A Surface Pro 2 or similar Windows 8 based tablet device offers you the most bang for you buck, the most flexibility in size, portability, productivity and consumption.
The real reason Apple doesn’t want to merge devices is because they make almost all of their money from hardware. If they don’t sell hardware they don’t make money, that would make me nervous if I were an investor.
This is what Apple wants their users to own:
- Desktop ($2,999 – Mac Pro)
- Laptop ($1,499 – Mid-Level MacBook Pro)
- Tablet ($599 – 32GB iPad Air)
- Phone ($299 – iPhone 5s, 32GB, ATT 2 Year Contract
This is what Microsoft wants their users to own:
- Tablet ($999 – 120GB Surface Pro 2 – Replaces both a Laptop and Desktop)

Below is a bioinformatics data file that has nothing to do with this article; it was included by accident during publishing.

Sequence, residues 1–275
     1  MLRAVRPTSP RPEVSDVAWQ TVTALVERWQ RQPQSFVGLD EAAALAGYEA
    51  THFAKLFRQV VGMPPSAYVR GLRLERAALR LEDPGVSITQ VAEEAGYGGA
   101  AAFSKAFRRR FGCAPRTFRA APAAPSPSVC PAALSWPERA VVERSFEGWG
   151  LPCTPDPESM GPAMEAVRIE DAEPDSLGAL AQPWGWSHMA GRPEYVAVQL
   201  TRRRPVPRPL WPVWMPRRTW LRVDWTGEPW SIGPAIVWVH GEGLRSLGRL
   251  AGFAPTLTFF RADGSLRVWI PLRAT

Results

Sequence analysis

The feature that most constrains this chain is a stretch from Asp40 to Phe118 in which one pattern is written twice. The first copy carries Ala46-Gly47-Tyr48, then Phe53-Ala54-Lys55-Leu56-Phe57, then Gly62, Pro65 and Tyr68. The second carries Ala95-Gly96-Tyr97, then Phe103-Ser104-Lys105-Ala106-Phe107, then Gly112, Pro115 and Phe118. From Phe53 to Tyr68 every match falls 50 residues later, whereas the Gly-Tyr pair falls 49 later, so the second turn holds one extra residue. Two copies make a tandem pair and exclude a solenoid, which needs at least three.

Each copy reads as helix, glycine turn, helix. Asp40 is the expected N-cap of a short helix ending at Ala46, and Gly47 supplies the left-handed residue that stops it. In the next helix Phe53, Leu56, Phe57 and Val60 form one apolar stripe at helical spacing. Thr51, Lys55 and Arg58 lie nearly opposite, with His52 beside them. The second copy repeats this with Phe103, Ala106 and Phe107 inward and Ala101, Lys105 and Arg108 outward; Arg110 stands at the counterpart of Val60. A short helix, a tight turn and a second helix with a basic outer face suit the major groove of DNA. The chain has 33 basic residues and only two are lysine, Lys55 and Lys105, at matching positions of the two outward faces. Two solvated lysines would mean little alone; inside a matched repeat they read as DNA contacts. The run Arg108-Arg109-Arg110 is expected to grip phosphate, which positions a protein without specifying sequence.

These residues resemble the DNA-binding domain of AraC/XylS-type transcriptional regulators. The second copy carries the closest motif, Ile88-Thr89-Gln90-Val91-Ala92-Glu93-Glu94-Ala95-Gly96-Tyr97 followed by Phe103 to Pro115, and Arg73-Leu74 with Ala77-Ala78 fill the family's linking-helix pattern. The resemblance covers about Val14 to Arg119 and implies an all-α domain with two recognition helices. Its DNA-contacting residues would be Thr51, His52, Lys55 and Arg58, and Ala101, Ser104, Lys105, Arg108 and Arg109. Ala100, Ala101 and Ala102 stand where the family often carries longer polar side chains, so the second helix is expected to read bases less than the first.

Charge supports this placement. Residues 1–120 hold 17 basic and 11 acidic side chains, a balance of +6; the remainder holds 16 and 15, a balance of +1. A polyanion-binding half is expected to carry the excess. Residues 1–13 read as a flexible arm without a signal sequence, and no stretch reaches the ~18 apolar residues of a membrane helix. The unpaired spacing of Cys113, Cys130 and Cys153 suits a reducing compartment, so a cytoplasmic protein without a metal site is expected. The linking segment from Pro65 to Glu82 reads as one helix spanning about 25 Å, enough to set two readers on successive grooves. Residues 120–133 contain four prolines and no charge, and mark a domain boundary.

- TypeCover ($129)
- Docking Station ($199.99)
- Phone ($99 Nokia Lumia 1520, 16GB expandable to 64GB, ATT 2 Year Contract)
Total Difference: $3,969.01
Have you ever wondered why Apple hasn’t added in support for multiple accounts on iPads? Think about it, they want every individual person to own one, that’s great for Apple, not so great for you.
Post-PC equals 2 devices not 4 as Apple seems to strongly believe.
I don’t know about you, but I don’t want to pick and choose between 4 devices everyday, I want work on 2 devices everyday and use them wherever, whenever and however I need to.
Business Insider Article: Apple’s View of the Future of Personal Computing
Macworld Article: Mac at 30